To me “expensive rent” is the relation of purchase price to rental price – a low ratio in this case. Cheap rent would be a high ratio.

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avatar Virginia

Does this analyisis take pay into account? I live in San Jose, but I used to live in San Diego. My husband and I pay a little more to rent a place up here, but our incomes are WAY higher, so it’s all relative.

Also, if you think you want to stay in the same town for a long time, you need to know the cost of rent vs. the cost of buying. Even though San Jose is considered “expensive” to rent, it’s actually really cheap to rent when compared to buying. So cheap, in fact, that it makes no sense at all to buy (especially since house prices are coming down).

I don’t know what the situation is in all those other towns, but I would say that San Jose is a very FAVORABLE place to rent.

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avatar Lazy Man and Money

I think Virginia’s comment was probably what I was trying to get at. As a percentage of income, my rent is cheap in San Francisco area.

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avatar justanotherblogger

An “average” one bedroom in my area (midtown) is at least $3000. Studios are $2000+, and 2 bedrooms are $4000+.

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avatar mapgirl

I’m relieved to see that DC area isn’t on the list, but I am sad that some of my family lives in Oakland and will probably never be able to make the switch to owning, without some IPO action headed their way.

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avatar dimes

Coastal prices seem to be insane no matter where you live. Here on the coast we pay almost double what we paid in a Georgia college town.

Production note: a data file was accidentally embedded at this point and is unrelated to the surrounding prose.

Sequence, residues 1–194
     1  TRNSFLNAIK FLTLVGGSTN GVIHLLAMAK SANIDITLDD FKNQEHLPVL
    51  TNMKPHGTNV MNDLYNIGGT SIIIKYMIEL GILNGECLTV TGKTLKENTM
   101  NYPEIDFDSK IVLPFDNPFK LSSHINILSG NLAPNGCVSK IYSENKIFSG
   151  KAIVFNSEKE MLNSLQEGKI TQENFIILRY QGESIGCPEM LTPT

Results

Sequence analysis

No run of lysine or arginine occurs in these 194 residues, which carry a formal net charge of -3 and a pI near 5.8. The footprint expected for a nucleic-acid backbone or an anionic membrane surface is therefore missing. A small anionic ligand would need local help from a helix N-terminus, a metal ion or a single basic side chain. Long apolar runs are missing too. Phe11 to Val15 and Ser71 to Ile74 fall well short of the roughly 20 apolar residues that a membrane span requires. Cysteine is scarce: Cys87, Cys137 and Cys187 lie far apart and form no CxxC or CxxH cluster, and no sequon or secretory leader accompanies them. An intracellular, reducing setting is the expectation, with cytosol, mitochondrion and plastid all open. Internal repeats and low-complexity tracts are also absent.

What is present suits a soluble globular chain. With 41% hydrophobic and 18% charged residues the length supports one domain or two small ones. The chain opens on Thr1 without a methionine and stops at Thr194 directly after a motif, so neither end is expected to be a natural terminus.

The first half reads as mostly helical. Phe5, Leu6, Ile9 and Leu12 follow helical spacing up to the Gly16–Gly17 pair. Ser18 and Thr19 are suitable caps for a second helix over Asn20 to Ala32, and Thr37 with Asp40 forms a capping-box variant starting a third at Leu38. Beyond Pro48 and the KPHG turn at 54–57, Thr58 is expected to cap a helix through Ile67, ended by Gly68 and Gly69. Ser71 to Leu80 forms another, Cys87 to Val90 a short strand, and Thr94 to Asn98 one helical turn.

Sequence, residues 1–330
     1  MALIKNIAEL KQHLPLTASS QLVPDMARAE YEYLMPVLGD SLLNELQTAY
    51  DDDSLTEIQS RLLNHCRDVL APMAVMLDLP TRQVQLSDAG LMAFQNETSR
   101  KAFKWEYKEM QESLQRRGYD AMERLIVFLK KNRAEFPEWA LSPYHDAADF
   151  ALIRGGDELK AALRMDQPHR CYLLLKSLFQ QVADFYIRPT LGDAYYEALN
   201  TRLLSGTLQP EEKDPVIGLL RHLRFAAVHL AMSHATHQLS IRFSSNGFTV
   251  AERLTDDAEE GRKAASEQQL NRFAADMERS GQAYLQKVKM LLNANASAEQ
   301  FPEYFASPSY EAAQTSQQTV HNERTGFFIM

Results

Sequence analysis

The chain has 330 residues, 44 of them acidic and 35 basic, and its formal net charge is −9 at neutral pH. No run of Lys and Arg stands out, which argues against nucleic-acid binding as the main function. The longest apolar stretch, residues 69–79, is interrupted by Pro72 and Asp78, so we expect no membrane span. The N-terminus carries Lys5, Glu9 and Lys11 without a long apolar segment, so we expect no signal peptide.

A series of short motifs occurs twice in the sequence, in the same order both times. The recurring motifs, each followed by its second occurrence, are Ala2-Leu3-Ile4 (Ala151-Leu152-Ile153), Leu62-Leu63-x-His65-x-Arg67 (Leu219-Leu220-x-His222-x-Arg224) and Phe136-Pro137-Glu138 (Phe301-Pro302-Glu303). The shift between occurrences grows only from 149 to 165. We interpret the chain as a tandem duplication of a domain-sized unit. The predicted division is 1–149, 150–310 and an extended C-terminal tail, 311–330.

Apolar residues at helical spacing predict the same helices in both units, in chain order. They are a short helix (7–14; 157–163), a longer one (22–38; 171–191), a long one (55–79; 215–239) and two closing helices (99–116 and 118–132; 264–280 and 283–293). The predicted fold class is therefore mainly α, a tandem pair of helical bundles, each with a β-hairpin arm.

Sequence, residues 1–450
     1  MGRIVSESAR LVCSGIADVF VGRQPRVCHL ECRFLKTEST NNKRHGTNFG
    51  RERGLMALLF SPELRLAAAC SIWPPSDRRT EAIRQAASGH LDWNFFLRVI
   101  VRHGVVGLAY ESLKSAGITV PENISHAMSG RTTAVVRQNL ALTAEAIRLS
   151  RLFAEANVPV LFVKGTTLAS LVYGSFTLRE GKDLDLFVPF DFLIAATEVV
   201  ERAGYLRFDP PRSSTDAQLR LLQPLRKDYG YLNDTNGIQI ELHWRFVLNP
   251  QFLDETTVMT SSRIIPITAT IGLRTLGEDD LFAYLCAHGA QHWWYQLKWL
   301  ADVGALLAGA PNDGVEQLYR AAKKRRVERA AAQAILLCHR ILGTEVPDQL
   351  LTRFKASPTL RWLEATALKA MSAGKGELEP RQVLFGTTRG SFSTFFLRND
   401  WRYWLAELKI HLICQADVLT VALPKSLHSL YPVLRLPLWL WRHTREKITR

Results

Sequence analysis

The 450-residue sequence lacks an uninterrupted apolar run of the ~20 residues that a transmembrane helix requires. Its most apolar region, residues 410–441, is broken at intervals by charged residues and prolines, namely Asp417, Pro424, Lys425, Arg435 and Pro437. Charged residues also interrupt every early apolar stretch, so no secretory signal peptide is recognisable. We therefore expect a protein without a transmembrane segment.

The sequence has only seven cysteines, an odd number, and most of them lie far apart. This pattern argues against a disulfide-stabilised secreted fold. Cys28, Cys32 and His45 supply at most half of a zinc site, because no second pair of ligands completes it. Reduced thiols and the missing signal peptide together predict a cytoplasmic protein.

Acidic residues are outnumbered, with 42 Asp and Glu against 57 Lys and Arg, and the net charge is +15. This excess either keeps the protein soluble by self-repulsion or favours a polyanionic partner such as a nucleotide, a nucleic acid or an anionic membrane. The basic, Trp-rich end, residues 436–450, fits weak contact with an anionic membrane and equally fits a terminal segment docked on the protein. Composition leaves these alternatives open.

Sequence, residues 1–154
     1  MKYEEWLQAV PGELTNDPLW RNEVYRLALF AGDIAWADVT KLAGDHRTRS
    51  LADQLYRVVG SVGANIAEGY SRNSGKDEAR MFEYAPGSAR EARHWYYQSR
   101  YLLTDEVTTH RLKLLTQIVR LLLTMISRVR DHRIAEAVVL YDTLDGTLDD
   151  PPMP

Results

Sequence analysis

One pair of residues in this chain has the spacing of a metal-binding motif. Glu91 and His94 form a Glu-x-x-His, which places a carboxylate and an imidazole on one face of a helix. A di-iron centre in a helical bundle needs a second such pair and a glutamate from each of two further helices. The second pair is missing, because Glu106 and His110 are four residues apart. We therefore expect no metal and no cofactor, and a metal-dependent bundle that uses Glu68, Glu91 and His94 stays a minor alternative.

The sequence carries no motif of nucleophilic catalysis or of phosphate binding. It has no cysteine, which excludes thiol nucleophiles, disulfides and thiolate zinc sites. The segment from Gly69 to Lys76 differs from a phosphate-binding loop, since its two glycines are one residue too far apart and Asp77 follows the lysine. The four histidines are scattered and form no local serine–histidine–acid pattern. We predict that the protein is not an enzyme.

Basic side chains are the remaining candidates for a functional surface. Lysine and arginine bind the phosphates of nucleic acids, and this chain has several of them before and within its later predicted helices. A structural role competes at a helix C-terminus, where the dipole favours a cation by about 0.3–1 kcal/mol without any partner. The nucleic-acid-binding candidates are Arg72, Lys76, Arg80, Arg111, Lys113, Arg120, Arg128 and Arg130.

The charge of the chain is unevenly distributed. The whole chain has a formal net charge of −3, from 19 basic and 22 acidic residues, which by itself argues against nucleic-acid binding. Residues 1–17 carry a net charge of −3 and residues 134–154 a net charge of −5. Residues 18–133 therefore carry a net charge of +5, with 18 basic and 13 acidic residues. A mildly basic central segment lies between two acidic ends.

Manhattan, though, is simply insane.

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avatar Golbguru

The rent would make more sense if they give it in terms of “per-square-feet” basis, or at least in terms of average one bedroom, average two bedroom, etc.

I am not moving anywhere because right now I am paying much less than average rent in Tuscon, Arizona. That’s one of the few good things in unversity towns. :)

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avatar sf mom

I agree with Virginia’s comment.

Another thing to consider is quality of life. There is a reason that it’s expensive to live in these towns. You pay for what you get. Unfortunately, we sometimes have to make tough decisions (roommates, less eating out, etc.) to enjoy the great city we’ve chosen to live in.

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avatar T

SF is rent doable. It takes some looking but I rent in a casual neighborhood 1 bedroom, with a garage spot for 2/3 of the above average. Commute is super easy.

It’s not fancy but I’m loving it. I think that as a single renter I’m right at the limit of what’s reasonable. I know people who earn 6 digit salaries and live in studios, others have roommates into their 30′s. If you don’t own you cannot afford to throw money on rent!

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avatar thomas

would like this to have the comparison with average mortgage for a similiar dwelling.

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avatar Juggler314

I live in the heart of manhattan, and stumbled into a rent-stabilized apartment 6 years ago when I moved into manhattan. I *still* pay 1800/month for 360 sq feet in a prime area (the village). I’ve had a roommate almost the whole time I lived here (the rent started at 1525 back in 2002). I like to tie this into the “can you be poor on a 6 figure salary”. Obviously if you make 100K+ you can afford a 2K rent, but throw in most amenties high income earners expect to have (a car, vacations, eating out nicely) and it dwindles pretty fast! I have come to the conclusion that short of a major pay increase I’m likely never moving out of the apartment into another manhattan apartment – maybe into brooklyn…but I’ll likely never do better in manhattan.